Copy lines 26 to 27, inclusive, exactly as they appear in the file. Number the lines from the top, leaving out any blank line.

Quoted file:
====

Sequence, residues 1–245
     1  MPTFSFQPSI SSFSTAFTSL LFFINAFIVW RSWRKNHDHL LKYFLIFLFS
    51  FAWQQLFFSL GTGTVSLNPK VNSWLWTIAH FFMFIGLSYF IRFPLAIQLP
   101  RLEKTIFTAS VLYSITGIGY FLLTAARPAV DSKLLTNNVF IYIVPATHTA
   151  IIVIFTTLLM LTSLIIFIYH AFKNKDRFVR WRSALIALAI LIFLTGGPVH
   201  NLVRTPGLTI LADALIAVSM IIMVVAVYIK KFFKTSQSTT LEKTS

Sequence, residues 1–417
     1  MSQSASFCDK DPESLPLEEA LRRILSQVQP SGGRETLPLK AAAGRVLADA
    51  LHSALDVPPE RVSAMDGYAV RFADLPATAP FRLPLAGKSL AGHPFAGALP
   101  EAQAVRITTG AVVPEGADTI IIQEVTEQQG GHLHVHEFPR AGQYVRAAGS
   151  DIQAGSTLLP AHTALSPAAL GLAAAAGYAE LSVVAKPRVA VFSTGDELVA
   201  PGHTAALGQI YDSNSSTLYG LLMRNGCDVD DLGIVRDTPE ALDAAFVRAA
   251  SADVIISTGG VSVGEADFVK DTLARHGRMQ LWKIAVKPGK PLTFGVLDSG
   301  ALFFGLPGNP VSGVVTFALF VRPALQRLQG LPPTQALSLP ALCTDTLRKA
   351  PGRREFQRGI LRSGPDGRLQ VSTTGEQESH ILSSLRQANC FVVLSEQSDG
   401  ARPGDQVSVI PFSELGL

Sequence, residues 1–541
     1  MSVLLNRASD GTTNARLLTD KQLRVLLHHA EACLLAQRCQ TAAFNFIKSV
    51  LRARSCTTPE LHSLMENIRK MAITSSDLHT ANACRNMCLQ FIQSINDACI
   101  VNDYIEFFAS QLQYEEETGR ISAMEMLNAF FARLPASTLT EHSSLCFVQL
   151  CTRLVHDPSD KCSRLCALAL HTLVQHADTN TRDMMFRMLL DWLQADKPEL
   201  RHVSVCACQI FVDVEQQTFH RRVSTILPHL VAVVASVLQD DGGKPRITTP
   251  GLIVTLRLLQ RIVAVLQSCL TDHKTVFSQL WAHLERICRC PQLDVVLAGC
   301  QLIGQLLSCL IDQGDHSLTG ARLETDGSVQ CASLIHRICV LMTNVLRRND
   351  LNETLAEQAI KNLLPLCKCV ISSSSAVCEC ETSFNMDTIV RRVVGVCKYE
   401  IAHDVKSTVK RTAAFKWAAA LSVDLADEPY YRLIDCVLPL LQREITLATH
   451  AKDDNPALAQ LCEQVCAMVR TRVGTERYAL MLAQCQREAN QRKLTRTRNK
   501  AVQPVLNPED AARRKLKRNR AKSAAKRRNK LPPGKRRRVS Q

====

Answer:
   401  IAHDVKSTVK RTAAFKWAAA LSVDLADEPY YRLIDCVLPL LQREITLATH
   451  AKDDNPALAQ LCEQVCAMVR TRVGTERYAL MLAQCQREAN QRKLTRTRNK